David Maine's first book tackles the story of Noah's Ark. Like a few of his subsequent novels, The Preservationist is an irreverent though ultimately piercing look at a familiar biblical tale.
Maine tends to look at his characters from cynically hopeful perspectives. He views them as fallible human beings, even if most of them have a relationship with a being some of his readers may not believe in. I say that because you don't need to be religious to enjoy this author, even if he keeps drawing inspiration from stories most people will associate with faith, in this instance that time God sent a flood to wipe out the entire population of the earth, except for whatever could be crammed into one massive boat.
As usual for Maine, there are alternate spellings for familiar names, so there may even be some disassociative elements to help some skeptics swallow events. Noah becomes Noe, for instance. Unlike the later Fallen, which chronicles the first humans (Adam, Eve, Cain, Abel), extreme old age comes in hundreds of years, so that there is indeed a mystique that cannot be explained by ordinary science. God still appears in his typical obtuse ways, which is typical for Maine, who likes to keep everyone on their toes. That Noe is very old doesn't help the rest of the cast appreciate what's going on, and even Noe has his moments. The cast includes his three sons and their three curious brides, whose perspectives gently probe the limits of just what it meant when God said he was starting over and saving only the good ones, which seems to mean only Noe and his immediate family. Being relative outsiders, were they saved only by proxy?
In Fallen character arcs were very specifically split into sections. In this perhaps more nebulous incarnation, Maine alternates between his cast. The three sons are distinctive, though two of the wives are somewhat similar, so it's the events they experience that tends to differentiate them, while the third is an innocent whose musings are almost an ironic statement on the whole affair. Taken as a whole, it's a tapestry that supports the original story while also raising new questions about it.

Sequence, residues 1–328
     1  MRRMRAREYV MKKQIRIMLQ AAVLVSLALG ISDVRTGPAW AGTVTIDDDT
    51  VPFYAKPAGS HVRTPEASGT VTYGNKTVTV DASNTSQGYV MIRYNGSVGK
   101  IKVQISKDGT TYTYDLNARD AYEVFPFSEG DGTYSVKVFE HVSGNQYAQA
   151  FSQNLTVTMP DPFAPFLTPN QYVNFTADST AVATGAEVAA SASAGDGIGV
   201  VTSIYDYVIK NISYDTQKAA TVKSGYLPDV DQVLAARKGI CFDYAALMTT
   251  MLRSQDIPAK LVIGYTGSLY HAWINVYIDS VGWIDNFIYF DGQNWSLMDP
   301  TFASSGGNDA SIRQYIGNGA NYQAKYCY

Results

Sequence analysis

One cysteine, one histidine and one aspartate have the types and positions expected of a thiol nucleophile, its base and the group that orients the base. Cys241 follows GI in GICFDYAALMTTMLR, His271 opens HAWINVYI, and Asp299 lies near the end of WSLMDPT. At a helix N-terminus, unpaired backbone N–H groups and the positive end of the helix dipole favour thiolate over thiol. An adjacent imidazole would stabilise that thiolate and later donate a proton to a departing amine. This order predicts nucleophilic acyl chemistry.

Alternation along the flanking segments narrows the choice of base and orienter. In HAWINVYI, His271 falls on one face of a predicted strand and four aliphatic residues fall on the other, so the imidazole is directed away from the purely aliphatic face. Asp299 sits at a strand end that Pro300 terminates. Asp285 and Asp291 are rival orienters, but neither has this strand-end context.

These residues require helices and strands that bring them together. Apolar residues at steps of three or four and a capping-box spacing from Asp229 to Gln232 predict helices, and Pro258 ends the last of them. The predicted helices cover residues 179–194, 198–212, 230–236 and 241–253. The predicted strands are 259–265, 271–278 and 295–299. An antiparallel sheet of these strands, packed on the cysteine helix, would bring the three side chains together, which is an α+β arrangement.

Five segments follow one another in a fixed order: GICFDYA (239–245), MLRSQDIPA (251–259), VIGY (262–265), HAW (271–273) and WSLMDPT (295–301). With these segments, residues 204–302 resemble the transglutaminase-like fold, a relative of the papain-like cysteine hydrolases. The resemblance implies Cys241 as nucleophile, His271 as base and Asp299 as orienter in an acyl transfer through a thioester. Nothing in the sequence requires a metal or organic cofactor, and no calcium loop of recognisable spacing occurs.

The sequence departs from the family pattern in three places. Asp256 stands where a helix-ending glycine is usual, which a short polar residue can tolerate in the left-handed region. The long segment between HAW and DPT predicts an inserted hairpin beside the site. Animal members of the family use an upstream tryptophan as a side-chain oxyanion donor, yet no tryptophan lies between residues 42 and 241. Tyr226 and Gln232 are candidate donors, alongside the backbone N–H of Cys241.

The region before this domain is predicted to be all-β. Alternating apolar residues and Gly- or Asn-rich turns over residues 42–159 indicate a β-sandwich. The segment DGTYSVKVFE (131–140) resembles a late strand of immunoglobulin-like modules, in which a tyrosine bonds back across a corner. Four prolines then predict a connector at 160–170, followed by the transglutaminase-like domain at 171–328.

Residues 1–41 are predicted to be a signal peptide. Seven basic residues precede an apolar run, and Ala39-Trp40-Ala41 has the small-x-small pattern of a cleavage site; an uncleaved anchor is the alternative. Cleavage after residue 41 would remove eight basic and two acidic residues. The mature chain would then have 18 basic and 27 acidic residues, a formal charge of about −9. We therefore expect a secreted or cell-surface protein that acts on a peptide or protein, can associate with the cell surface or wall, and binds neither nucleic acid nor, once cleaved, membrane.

Being the first of anything, you can either support pretty well what comes later because it becomes a template, or demonstrate an evolution. In some degrees Preservationist is exactly what Maine does with his later books, but it's also clearly a learning curve, figuring out what works, something Fallen demonstrates and The Book of Samson all but deconstructs, while Monster 1959 takes in an entirely new direction, perhaps the book Maine always wanted to write about God, or perhaps nature, directly but could never bring himself to do. He knows he walks a very fine line between irritating religious readers and those who don't believe a word of it. Readers who can follow that line will adore him. His success at unifying all three readers will always be Maine's biggest challenge. The prominent blurb on the cover of the book pointedly attempts to sidestep any such controversy by referencing Life of Pi, though the two stories really have nothing in common except taking place on water.
The Preservationist marks Maine as one of the most vital writers of his time from the outset. The inscrutable wife of Noe, who dies as inexplicably as she supports a husband who barely seems to acknowledge her, may as well be the unifying guide in the narrative. As in religion, life is constantly presenting you with challenges you may never understand. This is a book that tries to help you feel better about that.